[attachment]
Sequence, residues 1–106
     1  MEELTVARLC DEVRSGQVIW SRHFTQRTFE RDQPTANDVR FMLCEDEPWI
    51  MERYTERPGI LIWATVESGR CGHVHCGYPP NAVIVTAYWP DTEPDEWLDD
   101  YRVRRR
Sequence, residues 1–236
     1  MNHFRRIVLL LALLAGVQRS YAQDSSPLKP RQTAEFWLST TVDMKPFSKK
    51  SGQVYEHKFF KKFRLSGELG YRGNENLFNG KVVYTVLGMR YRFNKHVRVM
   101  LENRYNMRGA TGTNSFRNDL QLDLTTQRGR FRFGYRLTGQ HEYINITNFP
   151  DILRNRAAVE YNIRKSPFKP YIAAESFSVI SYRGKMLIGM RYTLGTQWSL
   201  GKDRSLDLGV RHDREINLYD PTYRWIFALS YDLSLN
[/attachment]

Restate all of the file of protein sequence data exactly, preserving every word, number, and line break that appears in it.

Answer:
Sequence, residues 1–106
     1  MEELTVARLC DEVRSGQVIW SRHFTQRTFE RDQPTANDVR FMLCEDEPWI
    51  MERYTERPGI LIWATVESGR CGHVHCGYPP NAVIVTAYWP DTEPDEWLDD
   101  YRVRRR
Sequence, residues 1–236
     1  MNHFRRIVLL LALLAGVQRS YAQDSSPLKP RQTAEFWLST TVDMKPFSKK
    51  SGQVYEHKFF KKFRLSGELG YRGNENLFNG KVVYTVLGMR YRFNKHVRVM
   101  LENRYNMRGA TGTNSFRNDL QLDLTTQRGR FRFGYRLTGQ HEYINITNFP
   151  DILRNRAAVE YNIRKSPFKP YIAAESFSVI SYRGKMLIGM RYTLGTQWSL
   201  GKDRSLDLGV RHDREINLYD PTYRWIFALS YDLSLN